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About Alexander Suvorov

Environmental endocrine disruptors are a specific class of xenobiotics molecules that have the ability to interfere with endogenous hormonal signaling by a diverse array of molecular mechanisms. Exposure to these substances during critical periods of prenatal or neonatal life may cause permanent reprogramming of target tissues, likely epigenetic in nature, which often do not present immediate phenotypes but can ultimately lead to adulthood onset diseases.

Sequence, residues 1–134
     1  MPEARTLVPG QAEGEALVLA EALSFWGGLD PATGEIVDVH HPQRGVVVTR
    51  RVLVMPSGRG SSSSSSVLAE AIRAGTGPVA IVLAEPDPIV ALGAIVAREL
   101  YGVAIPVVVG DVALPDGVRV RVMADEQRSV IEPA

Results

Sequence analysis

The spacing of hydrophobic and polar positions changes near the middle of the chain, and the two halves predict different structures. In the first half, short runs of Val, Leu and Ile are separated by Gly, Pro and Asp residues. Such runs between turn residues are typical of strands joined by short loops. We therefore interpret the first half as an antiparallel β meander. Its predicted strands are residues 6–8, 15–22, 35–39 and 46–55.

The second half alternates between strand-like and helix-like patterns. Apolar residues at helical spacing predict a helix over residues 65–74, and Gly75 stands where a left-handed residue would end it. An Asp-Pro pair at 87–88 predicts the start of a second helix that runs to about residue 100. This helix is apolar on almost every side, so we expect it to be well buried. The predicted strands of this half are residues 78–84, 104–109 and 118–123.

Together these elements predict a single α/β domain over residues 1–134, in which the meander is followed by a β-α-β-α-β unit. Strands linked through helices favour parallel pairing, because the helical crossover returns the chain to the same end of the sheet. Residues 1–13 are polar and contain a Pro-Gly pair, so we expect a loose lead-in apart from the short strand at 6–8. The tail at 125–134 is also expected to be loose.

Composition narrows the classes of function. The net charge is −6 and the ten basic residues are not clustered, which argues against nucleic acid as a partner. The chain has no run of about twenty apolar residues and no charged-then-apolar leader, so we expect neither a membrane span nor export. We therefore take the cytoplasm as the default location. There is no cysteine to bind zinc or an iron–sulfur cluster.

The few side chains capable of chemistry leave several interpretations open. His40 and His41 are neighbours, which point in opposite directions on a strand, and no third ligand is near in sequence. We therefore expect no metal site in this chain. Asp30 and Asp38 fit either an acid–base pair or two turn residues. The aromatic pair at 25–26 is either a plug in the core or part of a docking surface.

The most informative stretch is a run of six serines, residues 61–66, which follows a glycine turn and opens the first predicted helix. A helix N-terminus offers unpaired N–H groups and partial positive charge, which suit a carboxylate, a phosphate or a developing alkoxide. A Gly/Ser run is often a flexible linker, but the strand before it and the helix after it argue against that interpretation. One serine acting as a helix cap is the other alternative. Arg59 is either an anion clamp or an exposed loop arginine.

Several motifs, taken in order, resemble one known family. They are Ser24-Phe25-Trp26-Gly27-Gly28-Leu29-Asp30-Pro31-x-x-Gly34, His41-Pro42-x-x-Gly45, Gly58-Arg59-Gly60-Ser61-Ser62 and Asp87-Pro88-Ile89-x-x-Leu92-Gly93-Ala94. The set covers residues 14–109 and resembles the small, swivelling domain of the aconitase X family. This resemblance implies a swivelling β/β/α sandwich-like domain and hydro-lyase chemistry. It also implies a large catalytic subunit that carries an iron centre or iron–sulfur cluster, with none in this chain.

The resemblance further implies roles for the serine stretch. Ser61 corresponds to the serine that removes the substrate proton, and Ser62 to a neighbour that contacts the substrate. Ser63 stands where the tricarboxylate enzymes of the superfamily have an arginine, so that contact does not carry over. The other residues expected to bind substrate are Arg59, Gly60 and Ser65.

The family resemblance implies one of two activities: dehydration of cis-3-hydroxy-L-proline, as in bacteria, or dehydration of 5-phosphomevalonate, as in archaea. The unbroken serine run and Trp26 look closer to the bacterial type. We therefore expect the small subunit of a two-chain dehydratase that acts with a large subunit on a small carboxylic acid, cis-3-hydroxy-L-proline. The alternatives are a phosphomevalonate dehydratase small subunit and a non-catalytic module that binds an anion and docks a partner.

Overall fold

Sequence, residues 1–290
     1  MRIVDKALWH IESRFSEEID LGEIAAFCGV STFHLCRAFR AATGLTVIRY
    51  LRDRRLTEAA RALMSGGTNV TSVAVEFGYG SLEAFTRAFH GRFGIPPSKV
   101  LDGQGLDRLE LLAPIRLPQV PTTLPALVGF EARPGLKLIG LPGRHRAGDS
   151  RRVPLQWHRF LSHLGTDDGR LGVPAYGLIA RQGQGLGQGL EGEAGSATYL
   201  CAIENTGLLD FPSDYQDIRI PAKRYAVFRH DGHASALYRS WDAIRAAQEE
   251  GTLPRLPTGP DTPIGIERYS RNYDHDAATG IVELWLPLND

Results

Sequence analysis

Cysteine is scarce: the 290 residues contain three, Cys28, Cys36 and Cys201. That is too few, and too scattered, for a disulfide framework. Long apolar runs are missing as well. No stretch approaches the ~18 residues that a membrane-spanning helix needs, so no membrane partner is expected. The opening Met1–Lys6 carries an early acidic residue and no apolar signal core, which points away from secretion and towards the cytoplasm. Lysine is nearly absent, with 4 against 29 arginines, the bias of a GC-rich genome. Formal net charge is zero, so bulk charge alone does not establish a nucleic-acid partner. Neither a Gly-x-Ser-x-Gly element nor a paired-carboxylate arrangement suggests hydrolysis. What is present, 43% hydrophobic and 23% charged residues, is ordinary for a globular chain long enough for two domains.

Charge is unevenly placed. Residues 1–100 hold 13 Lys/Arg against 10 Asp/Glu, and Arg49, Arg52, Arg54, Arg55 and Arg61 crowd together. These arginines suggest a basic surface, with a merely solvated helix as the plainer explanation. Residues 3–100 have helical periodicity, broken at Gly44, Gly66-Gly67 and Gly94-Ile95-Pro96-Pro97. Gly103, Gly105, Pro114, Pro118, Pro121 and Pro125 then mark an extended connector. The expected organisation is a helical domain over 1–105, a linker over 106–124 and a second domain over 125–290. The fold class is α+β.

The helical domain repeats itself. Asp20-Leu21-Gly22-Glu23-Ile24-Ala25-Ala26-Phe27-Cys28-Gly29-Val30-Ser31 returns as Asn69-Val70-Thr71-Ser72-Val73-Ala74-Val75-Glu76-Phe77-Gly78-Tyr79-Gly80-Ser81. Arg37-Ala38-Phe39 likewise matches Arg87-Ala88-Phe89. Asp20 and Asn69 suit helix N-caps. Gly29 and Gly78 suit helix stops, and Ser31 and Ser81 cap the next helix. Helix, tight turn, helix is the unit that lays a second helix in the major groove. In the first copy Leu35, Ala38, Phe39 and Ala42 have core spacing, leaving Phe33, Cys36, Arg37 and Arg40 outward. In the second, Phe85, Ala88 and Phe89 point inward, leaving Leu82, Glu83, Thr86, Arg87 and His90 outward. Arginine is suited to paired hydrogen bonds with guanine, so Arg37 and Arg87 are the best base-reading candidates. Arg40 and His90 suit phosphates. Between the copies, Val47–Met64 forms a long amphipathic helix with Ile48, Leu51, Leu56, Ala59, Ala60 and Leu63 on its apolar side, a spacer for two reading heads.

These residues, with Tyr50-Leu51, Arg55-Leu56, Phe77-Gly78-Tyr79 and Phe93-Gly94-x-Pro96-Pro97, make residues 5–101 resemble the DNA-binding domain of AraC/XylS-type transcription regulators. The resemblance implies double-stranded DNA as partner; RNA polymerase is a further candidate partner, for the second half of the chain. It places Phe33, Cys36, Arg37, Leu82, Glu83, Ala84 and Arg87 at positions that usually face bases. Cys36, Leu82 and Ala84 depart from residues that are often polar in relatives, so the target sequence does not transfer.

Our main research interests consist in the study of toxicity of environmental endocrine disruptors in mammal models using a variety of approaches including traditional methods of toxicology as well as state of the art genomic (RNA-seq) and epigenetic methods (ChIP-seq, DHS-seq) which capitalize on recent advances in high throughput sequencing. In particular we focus on long-term reprogramming of metabolic and neuro-behavioral functions by developmental exposures to endocrine disruptors.


Present Assistant Professor of Environmental Health Sciences, School of Public Health and Health Sciences, University of Massachusetts Amherst

Curriculum Vitae


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Contact Information

Goessmann, Room 149A
686 North Pleasant Street
University of Massachusetts Amherst
Amherst, MA 01003